CECAM Workshop at the CECAM Node Jülich
Mesoscale Hydrodynamic Simulation of Non-Equilibrium and Driven Soft-Matter Systems
May 09-11, 2011
Forschungszentrum Jülich, Germany
Soft matter is highly sensitive to external fields and exhibits a wide spectrum of nonequilibrium phenomena. This particularly applies to active biological systems, which are able to perform directed motion supported by an internal machinery or external fields. Two aspects are of paramount importance for such systems: On the one hand, they are typical exposed to crowded and hence viscoelastic environments, and, on the other hand, hydrodynamic interactions determine their motion and swarming behavior.
Due to the complexity of such systems, simulations play a particular role in soft matter research. The systems are challenging for conventional simulation techniques because of the disparate time, length, and energy scales, and novel simulation techniques are required to be able to access the relevant scales. Moreover, hydrodynamic interactions have to be taken into account adequately. Considerable effort has been devoted to the development of mesoscale simulation methods such as Dissipative Particle Dynamics (DPD), Lattice-Boltzmann (LB), and Multiparticle Collision Dynamics (MPC) (or Stochastic Rotation Dynamics (SRD)) to resolve the scale problems of soft matter systems. By now, the various methods are well established and are applied to a broad spectrum of problems, with the goal to achieve insight into the mechanisms which lead to the formation of the mesoscopic and hierarchical structures originating from a large number of internal degrees of freedom of the constituents.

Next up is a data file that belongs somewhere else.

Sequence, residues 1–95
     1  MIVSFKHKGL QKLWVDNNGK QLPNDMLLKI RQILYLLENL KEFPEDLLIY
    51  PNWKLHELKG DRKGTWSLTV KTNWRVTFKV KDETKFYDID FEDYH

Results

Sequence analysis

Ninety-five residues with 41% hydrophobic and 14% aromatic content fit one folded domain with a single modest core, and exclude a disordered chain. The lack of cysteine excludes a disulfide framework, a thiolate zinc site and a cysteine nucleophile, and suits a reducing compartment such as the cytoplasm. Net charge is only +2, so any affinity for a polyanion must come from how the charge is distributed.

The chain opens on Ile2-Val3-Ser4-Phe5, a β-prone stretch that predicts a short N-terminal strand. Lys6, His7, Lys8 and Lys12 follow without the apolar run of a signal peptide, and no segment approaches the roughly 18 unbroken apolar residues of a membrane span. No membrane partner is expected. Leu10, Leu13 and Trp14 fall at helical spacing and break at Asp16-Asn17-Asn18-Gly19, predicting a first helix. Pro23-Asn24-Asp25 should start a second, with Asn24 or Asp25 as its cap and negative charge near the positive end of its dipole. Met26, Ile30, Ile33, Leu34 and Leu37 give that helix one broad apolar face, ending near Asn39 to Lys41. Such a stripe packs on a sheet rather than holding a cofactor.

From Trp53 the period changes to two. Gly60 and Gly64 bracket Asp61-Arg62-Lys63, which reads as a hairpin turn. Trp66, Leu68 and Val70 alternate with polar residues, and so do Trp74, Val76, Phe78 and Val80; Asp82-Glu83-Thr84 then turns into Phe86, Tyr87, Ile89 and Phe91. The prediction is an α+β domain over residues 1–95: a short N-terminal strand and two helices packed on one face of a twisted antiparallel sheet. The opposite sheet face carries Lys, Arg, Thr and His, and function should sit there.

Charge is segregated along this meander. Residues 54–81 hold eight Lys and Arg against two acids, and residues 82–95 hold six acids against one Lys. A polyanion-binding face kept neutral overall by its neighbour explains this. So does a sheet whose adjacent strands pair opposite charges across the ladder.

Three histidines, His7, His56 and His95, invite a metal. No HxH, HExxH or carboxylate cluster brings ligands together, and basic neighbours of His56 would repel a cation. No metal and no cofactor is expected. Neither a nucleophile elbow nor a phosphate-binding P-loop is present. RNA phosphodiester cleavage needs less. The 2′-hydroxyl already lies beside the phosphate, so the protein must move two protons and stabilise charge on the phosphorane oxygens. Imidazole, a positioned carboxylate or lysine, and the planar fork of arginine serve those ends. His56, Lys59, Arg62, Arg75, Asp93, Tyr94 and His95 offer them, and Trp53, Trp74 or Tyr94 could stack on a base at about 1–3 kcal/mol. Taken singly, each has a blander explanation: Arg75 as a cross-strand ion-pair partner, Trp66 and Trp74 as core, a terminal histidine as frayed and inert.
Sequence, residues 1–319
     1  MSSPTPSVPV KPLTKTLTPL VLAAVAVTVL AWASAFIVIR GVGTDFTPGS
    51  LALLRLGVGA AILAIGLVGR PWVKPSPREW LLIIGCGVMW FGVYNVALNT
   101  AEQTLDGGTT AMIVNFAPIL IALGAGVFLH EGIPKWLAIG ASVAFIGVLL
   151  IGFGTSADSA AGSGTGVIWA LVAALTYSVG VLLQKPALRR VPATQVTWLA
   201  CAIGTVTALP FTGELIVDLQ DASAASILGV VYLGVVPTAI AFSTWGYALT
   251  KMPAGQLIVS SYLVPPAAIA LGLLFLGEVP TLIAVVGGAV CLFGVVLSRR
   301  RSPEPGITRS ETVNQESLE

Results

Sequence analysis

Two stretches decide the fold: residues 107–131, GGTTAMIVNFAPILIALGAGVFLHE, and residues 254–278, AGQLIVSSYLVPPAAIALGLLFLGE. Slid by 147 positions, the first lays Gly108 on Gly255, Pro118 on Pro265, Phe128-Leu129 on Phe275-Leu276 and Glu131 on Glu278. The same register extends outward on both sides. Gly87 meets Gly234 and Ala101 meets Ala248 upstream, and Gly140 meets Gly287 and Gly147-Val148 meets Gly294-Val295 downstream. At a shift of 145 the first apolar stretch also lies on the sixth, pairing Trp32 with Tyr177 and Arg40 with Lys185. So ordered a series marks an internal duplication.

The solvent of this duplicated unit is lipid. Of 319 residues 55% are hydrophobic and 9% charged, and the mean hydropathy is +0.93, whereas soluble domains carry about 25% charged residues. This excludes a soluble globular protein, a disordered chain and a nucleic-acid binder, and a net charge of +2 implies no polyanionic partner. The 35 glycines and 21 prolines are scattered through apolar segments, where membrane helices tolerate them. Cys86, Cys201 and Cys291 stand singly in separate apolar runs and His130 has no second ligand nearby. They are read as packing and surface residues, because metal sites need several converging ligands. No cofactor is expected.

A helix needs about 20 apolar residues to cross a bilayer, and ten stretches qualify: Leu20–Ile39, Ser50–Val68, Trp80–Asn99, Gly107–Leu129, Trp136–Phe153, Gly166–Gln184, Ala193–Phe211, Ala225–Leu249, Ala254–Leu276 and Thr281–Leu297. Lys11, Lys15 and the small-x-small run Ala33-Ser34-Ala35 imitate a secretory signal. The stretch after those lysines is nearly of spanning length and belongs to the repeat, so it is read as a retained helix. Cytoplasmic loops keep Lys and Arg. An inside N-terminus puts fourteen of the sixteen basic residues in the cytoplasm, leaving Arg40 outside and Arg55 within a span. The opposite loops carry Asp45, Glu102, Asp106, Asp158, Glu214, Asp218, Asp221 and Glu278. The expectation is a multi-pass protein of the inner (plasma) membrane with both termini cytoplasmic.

The workshop is focused on the behavior of soft matter under non-equilibrium conditions addressing colloids, (bio)polymers, membranes and cells in external fields, e.g., microfluidic channels or capillaries, as well as self-propelled systems. The complex interplay between internal degrees of freedom, hydrodynamic interactions and flows, thermal fluctuations, active motion, and confining geometries generate a wide variety of novel and interesting behaviors and phenomena, but also pose major challenges for theory, simulations, and experiments. The workshop brings together experts from the various fields, who are invited to provide their point of view on challenges in non-equilibrium soft matter research.
The workshop is sponserd by: